Newton North HS Varsity Baseball coach Joe Siccliano (photo :Cheryl Clegg)

Newton North HS Varsity Baseball coach Joe Siciliano (photo :Cheryl Clegg)

RB: I imagine coaching sports is now valued as much as the teaching the curriculum. Maybe in some places, more.

JS: Yeah, as we say, coaching is an extension of the classroom If you look at [Newton]North—this is why we have ben so successful. A lot of the coaches are teaching in the school. Here’s some examples—in our math corridor, okay, Leigh Paris is the assistant coach of the state [championship title]winning soccer team. There is a male teacher who is the assistant coach of the state winning [championship title]boy’s track team. Another math teacher who is the assistant to the state winning[championship title] girl’s track team.Four math teachers who are also coaches

RB: What are your thoughts on the diminution of the popularity of baseball?

JS: I have been talking to the Little Leagues and they are losing a lot of kids. And the thing is I can live with that as long as the kids who are playing now are passionate about it. It is one tough sport. Plus, the way kids who are brought up now, they are easily frustrated. The failure rate in baseball is 70 %.

RB: I see it now as a Little League umpire. Most of the kids have to stand around waiting for something to happen. That’s why I pointed my own son in the direction of being a catcher.

JS: Yeah (laughs), Its interesting — a lot of these lacrosse players,if they ever were catchers they would still be playing baseball. But you put them in right field or center field—it takes an interesting individual. Some of the fathers, “my son is interested in baseball, you like those kids and if they can play that’s even better. You like kids who are watching the Red Sox or this and that.

RB: I have been very surprised at how few kids watch baseball games. So when they came to play, they have no idea what was going on, on field.

JS: When we were going up if we could watch a game on television it was so much fun. Now, you ask the whole team, 1 through 20, anybody watch the game last night? Well, they are doing homework but did anyone watch a couple of innings?

RB: Or even listen to it on the radio? Some announcers are better than TV.

JS: I watch MLB TV and there is a game every night. I’ll tell you, how can I get mad at my players when they are doing something stupid when I see the major leaguers—oh my goodness. You see some of that stuff—not knowing how many outs there were, things like that.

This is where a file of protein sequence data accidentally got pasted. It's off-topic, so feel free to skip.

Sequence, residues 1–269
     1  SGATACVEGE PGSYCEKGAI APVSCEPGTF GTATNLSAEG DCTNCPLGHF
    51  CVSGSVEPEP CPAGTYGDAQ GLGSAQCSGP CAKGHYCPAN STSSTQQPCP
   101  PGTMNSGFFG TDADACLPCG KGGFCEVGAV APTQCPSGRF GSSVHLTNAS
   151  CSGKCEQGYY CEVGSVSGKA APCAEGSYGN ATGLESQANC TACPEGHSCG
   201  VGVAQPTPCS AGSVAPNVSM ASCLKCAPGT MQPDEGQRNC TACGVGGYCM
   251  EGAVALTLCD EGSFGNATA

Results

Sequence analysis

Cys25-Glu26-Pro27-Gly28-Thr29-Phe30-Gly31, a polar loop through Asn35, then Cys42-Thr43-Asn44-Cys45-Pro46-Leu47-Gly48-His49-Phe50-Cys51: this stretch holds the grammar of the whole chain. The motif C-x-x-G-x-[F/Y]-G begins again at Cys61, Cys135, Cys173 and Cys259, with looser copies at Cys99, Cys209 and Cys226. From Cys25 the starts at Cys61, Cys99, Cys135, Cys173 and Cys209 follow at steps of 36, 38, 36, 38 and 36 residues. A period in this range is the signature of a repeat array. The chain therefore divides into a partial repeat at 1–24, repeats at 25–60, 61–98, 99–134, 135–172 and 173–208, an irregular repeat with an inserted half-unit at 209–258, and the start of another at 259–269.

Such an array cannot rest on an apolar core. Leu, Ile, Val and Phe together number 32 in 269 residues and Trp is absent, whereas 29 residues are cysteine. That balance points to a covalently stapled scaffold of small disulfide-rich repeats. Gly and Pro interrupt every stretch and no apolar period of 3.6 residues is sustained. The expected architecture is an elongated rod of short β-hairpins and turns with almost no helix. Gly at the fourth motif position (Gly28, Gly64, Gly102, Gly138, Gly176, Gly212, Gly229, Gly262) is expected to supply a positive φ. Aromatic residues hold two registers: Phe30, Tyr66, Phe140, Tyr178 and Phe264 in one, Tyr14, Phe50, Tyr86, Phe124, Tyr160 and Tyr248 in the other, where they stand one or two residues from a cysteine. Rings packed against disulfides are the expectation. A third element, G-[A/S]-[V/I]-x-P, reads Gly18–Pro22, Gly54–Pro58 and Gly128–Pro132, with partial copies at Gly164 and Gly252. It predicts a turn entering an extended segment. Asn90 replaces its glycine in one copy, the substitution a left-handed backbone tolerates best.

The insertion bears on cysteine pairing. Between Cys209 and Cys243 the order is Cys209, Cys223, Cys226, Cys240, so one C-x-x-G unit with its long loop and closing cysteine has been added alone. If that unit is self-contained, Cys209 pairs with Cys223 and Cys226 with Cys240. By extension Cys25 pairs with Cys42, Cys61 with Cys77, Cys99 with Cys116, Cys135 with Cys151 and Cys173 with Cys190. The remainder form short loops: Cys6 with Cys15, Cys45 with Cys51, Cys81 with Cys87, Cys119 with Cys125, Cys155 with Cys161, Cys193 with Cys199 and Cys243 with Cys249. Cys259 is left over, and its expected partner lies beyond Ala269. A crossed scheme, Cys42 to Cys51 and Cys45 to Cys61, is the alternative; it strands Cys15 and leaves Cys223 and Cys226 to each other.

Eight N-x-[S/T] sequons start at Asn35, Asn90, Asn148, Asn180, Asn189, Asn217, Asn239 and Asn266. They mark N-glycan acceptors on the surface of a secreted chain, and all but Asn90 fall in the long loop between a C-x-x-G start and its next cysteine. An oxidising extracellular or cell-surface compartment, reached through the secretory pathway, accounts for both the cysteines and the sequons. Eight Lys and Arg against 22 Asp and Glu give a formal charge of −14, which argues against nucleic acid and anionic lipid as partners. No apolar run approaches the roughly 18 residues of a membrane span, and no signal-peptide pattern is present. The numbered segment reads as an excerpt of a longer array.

RB: I was watching the highlights of [Yoenis] Cespedes’s latest outfield assists. Gunning down runners at the plate with a 300 foot bullet from left field.

JS: Oh my goodness. Just unbelievable.

RB: It’s great to watch pros with a passion for the game.

JS: Yeah, we have Dustin (Pedroia). You read about him—he gets to the field early. And just loves to be around the game.

RB It’s a joy to see in Little League, although some of the parents need to tamp down their passion.

JS: I’ll tell you there is a community that we’d play against. I can remember when my kid was little, the coaches for this community, they were so intense and the kids were so tight. Meanwhile, they had an article a few years back about how Little League was going down, the kids don’t want to play because its no fun. You hear these stories about Little League parents are yelling at the kids and that’s a shame. The kids want to have fun.

Newton North HS Varsity Baseball coach Joe Siccliano (photo :Cheryl Clegg)

Newton North HS Varsity Baseball coach Joe Siciliano (photo :Cheryl Clegg)

RB: But now they have choices— lacrosse, soccer, hockey.

JS: Auburndale was hotbed of hockey and we were very, very good, way back when, in the 50’s. Legendary names but we don’t see that anymore.

RB: In Newton when you go to a football game its like Friday Night Lights. The town turns out. I don’t see that for baseball.

JS: You might have gone to the night game when everybody shows up. Maybe not so for afternoon games.

RB: Maybe not midweek but Saturday games same thing.

JS: Here’s the thing, in baseball think about the weather that we have to play in. So that’s number one. But number two, think of the time of day we play. 3:45.

RB: I get it.

JS: If your son or daughter is on the team, then you are going to make a commitment to try to get there. And now there are a lot of other choices and interests, I think, and this would never happen but if they ever put lights at the high school, you would have a great—

RB—By the way, what happened here? No lights for the football filed, no lights for the baseball diamond. Why?